But the calls did not make their way to Paris.
In 2002, French President Jacques Chirac came to Lebanon and delivered a speech in the Lebanese parliament, during which he linked "the withdrawal of the Syrian army from Lebanon to reaching a comprehensive peace agreement in the region and resolving the Middle East issue."
Chirac's action left Lebanese Christians in a state of deep frustration, while some even considered that his stance was deliberately directed at them.
However, the French President's attitude toward the Syrians started to shift, even before the assassination of Prime Minister Rafik Hariri in 2005 - which led to a dramatic political shift in the balance of power. Chirac saw the American invasion of Iraq in 2003 as an opportunity to force change in Lebanon.
During a meeting with then-US President George Bush in 2004, the French leader attempted to persuade his American counterpart to end the Syrian presence in Lebanon. (The meeting details were mentioned by Bush in his memoirs published in 2011, Fateful Decisions.)
Following Hariri's assassination in 2005, enmity prevailed between the Syrians and President Chirac, who bet on the International Tribunal to "topple Bashar Al-Assad" (as mentioned in The Secret of the Presidents book, by Vinsan Nozi, published in 2010).
After that stage, the French policy in Lebanon and Syria during the so-called "Arab Spring" did not deviate from the framework of Washington's policy, and France continued to move within the margin granted to it by the Americans in Lebanon and the region's files.
After that, French policy in Lebanon and Syria during the "Arab Spring" period did not deviate from the framework of American policy, and the French continued to operate within the margin the US allowed them to have in Lebanon and regional files.
Phase three: Macron's ambitions for the return of French influence
In August 2020, immediately after the Beirut port explosion, French President Emmanuel Macron paid two visits to Lebanon and put forward an initiative based on implementing a package of economic and political reforms and forming a new government aimed at pulling Lebanon out of the ongoing crisis since October 17, 2019. But the French President's plan failed.
The Lebanese hold different views and opinions as to why Macron's initiative did not succeed.
Some attributed the failure to the refusal of former US President Donald Trump to ease Washington's maximum pressure campaign on Lebanon, while others accused the Lebanese political class of failing the initiative in order to evade reforms.
As a matter of fact, the failure of Macron's initiative is due to all of the above, in addition to his lack of any means of pressure to impose the French point of view, despite threatening the political echelon with sanctions.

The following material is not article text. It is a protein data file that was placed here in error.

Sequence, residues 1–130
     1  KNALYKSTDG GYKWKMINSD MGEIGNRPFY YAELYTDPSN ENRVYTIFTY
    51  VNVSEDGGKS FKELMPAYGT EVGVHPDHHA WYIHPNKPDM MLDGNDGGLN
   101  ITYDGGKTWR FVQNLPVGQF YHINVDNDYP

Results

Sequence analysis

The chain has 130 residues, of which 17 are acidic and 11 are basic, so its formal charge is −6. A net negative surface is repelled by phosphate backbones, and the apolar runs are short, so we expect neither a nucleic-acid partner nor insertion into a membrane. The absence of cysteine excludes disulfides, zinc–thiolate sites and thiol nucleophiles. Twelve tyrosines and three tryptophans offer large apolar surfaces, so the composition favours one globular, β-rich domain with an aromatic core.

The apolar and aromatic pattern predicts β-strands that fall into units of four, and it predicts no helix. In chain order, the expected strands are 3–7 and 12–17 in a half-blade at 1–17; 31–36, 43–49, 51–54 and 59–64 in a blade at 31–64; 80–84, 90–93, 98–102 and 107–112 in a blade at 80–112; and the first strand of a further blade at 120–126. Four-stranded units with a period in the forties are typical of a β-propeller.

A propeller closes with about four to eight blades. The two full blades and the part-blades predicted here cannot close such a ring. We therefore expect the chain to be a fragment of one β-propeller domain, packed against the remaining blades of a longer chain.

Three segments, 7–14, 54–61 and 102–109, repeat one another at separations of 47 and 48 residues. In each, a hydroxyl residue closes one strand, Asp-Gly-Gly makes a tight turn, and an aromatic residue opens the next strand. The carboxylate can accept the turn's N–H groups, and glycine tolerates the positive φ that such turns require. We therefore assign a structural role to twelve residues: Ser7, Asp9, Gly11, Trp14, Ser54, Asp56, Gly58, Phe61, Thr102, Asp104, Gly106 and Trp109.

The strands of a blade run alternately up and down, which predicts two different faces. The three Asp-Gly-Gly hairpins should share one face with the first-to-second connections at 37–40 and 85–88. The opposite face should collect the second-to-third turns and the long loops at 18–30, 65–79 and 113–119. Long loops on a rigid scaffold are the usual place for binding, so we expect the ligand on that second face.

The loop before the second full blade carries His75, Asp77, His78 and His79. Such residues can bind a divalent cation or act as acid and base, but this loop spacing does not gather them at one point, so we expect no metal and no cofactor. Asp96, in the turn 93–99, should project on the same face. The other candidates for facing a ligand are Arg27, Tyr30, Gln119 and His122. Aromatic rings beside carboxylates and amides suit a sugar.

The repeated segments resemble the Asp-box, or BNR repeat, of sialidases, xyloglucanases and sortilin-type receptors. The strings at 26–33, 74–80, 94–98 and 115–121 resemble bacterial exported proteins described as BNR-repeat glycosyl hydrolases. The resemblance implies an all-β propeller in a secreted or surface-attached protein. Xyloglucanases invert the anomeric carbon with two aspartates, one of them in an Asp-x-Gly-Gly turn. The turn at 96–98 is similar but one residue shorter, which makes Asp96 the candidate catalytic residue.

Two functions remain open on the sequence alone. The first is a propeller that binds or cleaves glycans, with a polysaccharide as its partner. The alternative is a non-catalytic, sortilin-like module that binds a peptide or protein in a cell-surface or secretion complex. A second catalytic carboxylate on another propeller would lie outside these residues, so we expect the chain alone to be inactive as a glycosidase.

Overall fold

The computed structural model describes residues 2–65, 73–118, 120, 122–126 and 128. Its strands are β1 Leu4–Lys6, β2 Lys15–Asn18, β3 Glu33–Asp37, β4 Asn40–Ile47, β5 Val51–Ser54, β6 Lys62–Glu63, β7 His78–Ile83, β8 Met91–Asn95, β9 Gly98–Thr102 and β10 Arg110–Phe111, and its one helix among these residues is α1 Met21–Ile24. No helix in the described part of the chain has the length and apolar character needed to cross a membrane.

Today, many Christians view the French role in Lebanon negatively, pointing to Macron's absolute support for [Sunni] Prime Minister President Najib Mikati and accusing him of allying with "political Shiism".
Some Maronite leaders are voicing their protest against the "presidential settlement" that France is trying to promote today, which does not align with the overall direction of Christian parties regarding the next president of the country.
The presidential settlement proposed by Paris has led a number of Maronite leaders, some of which always called for a close alliance with the West, and some who previously wished for France to return to Lebanon (in 2020), to accuse France of being “neither a mother nor compassionate” and that it has turned into a “stepmother” or the "unjust father's wife"!
As a result, lessons derived from the historical events in Lebanon indicate that any attempt by any local political party to rely on foreign powers to impose its political point of view is destined to fail.
Although the United States is accused in Lebanon (especially by Christians) of adopting a political approach that puts its own interests above everything else without taking into account the interests of its allies and of not being permanently committed to an ally, reality shows that the French policy is no different than that of the American one.
Therefore, it is in the best interests of Lebanese political parties to rely on themselves, on internal understandings and dialogue, and not to try to leverage their foreign relations against their opponents at home.